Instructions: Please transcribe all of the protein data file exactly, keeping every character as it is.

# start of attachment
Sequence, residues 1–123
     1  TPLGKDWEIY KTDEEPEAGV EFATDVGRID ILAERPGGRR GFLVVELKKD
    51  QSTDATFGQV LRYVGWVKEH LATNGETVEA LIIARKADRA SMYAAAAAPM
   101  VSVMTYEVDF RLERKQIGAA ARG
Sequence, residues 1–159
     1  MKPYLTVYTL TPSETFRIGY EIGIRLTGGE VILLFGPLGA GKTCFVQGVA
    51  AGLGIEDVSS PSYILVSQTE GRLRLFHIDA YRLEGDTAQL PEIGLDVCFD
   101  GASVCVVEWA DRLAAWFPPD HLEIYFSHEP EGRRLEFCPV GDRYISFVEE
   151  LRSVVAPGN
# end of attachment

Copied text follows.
Sequence, residues 1–123
     1  TPLGKDWEIY KTDEEPEAGV EFATDVGRID ILAERPGGRR GFLVVELKKD
    51  QSTDATFGQV LRYVGWVKEH LATNGETVEA LIIARKADRA SMYAAAAAPM
   101  VSVMTYEVDF RLERKQIGAA ARG
Sequence, residues 1–159
     1  MKPYLTVYTL TPSETFRIGY EIGIRLTGGE VILLFGPLGA GKTCFVQGVA
    51  AGLGIEDVSS PSYILVSQTE GRLRLFHIDA YRLEGDTAQL PEIGLDVCFD
   101  GASVCVVEWA DRLAAWFPPD HLEIYFSHEP EGRRLEFCPV GDRYISFVEE
   151  LRSVVAPGN